IEET > Contributors > Frank Boehm

Frank Boehm

Frank Boehm serendipitously encountered the concept of nanotechnology on the internet in ~1996 and immediately become fascinated with its virtually limitless potential, particularly as relates to the field of medicine. He passionately proceeded to autodidactically absorb knowledge on almost every aspect of nanotechnology and nanomedicine and began to evolve, and textually articulate, a number of advanced concepts and designs for near-term (~3 to 5 years) and longer-term (~10 to 20 years) nanomedical components, devices, and systems. Concomitantly, he initiated correspondence-based relationships with myriad research scientists and thought leaders from across the globe, in the disciplines of nanotechnology and nanomedicine.

In recognizing the immense potential of nanomedicine to impart positive paradigm shifts across the medicine domain (e.g., precisely targeted drug delivery, vascular and neurological plaque removal, non-invasive surgical procedures, physiological system and longevity enhancement) he was deeply motivated to write more extensively on the topic. In 2005, he garnered a published contract with CRC Press (Taylor & Francis), and over the ensuing eight years compiled a book manuscript (along with seven contributing authors) entitled: Nanomedical Device and Systems Design, Challenges, Possibilities, Visions. In parallel, he managed to engage the interest of several researchers in the US and Canada in his nanomedical concepts and in 2009 he formed the startup, NanoApps Medical, Inc. The aim of this company is to investigate and develop advanced, innovative, and cost effective nanomedical diagnostic and therapeutic devices and systems for the benefit of individuals in both the developing and developed worlds.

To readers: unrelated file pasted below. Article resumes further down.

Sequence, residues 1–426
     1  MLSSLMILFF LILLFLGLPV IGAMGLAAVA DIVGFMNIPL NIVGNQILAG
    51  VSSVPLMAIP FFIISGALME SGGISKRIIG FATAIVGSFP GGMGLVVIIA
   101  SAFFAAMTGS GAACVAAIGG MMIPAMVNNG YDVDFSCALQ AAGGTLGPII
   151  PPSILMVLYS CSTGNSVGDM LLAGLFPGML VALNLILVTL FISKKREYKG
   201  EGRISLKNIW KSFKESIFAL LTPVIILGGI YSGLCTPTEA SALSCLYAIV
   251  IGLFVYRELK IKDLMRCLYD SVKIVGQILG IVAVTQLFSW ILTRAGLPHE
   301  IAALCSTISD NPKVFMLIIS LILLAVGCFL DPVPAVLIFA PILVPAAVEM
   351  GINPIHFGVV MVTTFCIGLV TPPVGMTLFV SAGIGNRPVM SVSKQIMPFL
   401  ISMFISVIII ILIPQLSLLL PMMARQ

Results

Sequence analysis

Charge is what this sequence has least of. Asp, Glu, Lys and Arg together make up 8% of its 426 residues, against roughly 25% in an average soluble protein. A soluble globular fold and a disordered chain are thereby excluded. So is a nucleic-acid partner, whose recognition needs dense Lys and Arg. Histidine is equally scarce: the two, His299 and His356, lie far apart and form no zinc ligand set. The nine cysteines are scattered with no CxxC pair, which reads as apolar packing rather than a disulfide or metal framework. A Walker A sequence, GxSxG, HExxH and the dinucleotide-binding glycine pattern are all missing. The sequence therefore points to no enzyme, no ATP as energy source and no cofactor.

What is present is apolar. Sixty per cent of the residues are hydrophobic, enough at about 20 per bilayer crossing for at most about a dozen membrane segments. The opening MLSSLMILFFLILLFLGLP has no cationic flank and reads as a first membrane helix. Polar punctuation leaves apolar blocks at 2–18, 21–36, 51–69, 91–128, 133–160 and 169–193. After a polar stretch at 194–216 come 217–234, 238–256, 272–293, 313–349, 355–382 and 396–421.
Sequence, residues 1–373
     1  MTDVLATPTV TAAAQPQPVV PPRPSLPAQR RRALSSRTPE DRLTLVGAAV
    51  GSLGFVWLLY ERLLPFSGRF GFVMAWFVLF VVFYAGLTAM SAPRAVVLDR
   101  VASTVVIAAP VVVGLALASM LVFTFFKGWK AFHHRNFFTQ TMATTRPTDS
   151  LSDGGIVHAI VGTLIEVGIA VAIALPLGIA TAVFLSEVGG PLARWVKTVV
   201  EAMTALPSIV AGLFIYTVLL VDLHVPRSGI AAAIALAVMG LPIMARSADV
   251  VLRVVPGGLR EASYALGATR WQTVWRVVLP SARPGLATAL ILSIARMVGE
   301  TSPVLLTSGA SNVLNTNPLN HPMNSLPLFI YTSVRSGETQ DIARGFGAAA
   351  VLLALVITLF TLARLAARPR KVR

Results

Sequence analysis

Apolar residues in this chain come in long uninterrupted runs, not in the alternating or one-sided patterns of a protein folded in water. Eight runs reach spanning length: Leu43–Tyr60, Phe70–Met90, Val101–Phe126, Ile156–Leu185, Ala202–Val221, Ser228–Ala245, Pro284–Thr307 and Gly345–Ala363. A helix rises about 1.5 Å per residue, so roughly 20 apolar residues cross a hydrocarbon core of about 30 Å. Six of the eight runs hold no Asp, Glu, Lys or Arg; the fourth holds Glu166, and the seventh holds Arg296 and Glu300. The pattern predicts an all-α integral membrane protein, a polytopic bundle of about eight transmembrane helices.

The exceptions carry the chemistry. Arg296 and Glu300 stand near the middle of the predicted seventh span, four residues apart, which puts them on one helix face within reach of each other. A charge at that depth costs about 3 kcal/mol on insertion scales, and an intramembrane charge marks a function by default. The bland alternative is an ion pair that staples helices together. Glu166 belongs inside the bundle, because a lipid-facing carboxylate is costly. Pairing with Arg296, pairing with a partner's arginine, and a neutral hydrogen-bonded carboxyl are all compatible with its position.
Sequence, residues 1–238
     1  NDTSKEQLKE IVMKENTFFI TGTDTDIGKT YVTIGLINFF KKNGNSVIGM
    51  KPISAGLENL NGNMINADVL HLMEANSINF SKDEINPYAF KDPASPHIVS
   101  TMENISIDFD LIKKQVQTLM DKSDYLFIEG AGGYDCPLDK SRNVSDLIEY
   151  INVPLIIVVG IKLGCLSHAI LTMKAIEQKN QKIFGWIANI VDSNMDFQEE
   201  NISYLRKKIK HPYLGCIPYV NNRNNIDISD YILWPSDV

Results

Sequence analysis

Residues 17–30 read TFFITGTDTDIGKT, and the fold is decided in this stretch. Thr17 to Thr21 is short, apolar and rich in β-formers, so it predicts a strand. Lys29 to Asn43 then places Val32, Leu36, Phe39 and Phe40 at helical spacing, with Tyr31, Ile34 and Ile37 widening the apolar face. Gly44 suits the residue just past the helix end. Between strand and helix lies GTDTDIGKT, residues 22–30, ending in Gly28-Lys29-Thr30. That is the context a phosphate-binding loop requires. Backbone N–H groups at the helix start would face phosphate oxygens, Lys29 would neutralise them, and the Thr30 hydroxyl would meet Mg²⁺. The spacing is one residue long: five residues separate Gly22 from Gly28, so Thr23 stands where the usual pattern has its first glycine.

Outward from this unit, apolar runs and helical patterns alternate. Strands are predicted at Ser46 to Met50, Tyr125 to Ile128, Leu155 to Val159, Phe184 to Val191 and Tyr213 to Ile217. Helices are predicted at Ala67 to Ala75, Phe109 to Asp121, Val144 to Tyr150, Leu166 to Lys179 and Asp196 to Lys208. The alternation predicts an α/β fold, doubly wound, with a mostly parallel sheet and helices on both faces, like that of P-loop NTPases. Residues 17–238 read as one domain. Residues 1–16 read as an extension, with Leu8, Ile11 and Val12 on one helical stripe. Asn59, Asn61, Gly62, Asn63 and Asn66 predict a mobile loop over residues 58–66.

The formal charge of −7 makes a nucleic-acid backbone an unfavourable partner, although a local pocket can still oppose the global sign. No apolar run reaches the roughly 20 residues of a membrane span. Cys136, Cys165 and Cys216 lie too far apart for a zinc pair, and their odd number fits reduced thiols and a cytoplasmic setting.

The larger picture would be to eventually attain a situation of “global health care equivalency”, where any individual on the planet might have access to the same advanced and cost effective, nanomedical diagnostic and therapeutic technologies, no matter where they happen to reside, or under what conditions they live. The attainment of this condition might serve to significantly reduce the perception of individuals in the developing world of being marginalized, at least in terms of health care, which may ultimately translate to conflict reduction. In the developed world, this condition would serve to dramatically reduce health care expenditures across the board. Frank is planning to articulate this vision in a future book with the working title: Nanotechnology, Nanomedicine, and AI: Toward the Dream of Global Health Care Equivalency.

"Quandary - Are Molecularly Manufactured Burgers Imbued with the Life Force?"   Ethical Technology  (Jan 15, 2016)